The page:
9. Send a text without lifting a finger by telling Google Assistant “text” followed by your contact’s name and your message. When you stop speaking (or even just pause for more than a second or so — careful!), the system will typically confirm that it got everything right and then ask if you want to send the message.
10. Need to catch up on text messages when your eyes are otherwise occupied? No problem: Tell Assistant, “Read me my messages,” and it’ll walk you through your most recent texts and offer to read any or all of them aloud. You can also specify a contact’s name — “Read me my messages from Arthur” — if you’re looking for something specific.
11. Assistant makes it easy to find emails within Gmail, too: Just ask it to “find my emails from” a particular contact or to “find my emails about” a specific subject, and it’ll pop up tappable results right within its interface. If you use a mail service other than Gmail, you can try searching Google’s Assistant website for a third-party add-on such as Mail Triage — which adds email actions for Microsoft Office 365 and Outlook.com into Assistant’s repertoire.
12. You can also send emails in Gmail via Assistant. Use the following format: “Send email to [contact name], subject [your subject], message [your message].”
Phone functions and settings
13. Google Assistant can get around your Android phone (or, to a lesser extent, your iPhone) in a flash. Try telling it to open any app or website — or, if you really want to get fancy, tell it to search within an app: “search for ‘presentation’ in Google Drive,” “search for ‘IBM’ on Twitter,” “search for ‘USB-C adapter’ on Amazon” and so on.
14. Listening to some sort of (ahem) important business-related audio in the car? Tell Assistant to turn the volume up or down or to set it to a specific level (e.g., “set the volume to 10”) or percentage (e.g., “set the volume to 50%”). You can also tell Assistant to mute the volume, if you need some peace and quiet.
15. Why swipe and search through your phone’s settings when you can simply speak your desires? Assistant is standing by and ready to handle most toggle-like settings on your Android device. Try telling it to turn Wi-Fi, Bluetooth, flashlight, airplane mode, or battery saver mode on or off or to dim or brighten your screen.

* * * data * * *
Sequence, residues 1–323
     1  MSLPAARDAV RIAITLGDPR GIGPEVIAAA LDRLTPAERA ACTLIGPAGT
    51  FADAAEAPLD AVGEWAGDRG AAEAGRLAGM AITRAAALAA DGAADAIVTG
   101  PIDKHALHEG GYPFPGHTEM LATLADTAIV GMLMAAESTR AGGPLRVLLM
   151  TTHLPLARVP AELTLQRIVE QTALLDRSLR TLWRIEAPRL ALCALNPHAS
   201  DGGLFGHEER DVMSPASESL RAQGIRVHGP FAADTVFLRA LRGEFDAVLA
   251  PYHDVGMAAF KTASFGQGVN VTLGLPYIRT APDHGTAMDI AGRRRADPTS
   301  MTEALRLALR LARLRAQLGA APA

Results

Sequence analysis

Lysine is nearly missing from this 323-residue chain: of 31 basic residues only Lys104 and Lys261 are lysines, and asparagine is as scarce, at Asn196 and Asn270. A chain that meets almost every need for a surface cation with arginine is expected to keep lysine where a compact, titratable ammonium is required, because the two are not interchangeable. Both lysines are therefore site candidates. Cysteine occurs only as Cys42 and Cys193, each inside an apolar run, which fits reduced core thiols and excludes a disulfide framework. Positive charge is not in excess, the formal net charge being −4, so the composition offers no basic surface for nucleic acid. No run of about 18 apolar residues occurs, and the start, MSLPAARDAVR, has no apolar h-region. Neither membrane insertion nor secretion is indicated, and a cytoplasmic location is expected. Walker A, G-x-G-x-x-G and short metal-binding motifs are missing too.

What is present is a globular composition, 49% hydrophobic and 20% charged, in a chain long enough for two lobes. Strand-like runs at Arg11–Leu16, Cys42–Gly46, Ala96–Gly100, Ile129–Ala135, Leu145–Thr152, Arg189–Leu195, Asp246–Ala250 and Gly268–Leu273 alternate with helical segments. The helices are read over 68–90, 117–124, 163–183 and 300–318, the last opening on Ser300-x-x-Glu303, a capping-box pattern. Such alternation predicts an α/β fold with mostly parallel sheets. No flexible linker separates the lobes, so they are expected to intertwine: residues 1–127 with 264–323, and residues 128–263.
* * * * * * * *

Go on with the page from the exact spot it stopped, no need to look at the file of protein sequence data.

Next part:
Other useful odds and ends
16. Get a heads-up on traffic before you head out by asking Assistant what the traffic is like on the way to work or how long it’ll take to get to any specific business name or address. And, of course, you can always tell Assistant to give you directions or navigate (by car, foot, or public transit) to any place you need.
17. Traveling for work? Or picking up an out-of-town interviewee? Assistant can give you up-to-date flight info for any airline. Just ask when the flight arrives or if it’s on time.
18. Google Assistant can even help you book your next trip. Ask it to find you flights from your city to your destination, and it’ll walk you through the best options. It’ll even offer to track prices and keep you posted via email if prices change.
19. Give your brain a break and let Assistant handle all your calculations and conversions. Pose practically any mathematical inquiry or unit changeover — liters to gallons, euros to dollars, you name it — and Assistant will give you the info you need in no time.
20. Google Assistant is overflowing with general knowledge. Ask it for definitions, translations, or even just spellings. And ask it for any type of fact you can think of — the name of a CEO or founder, the location of a company’s headquarters, or anything else that might make you seem extra-informed in your professional adventures.
This was originally posted by Computerworld. Image credit Secure Thoughts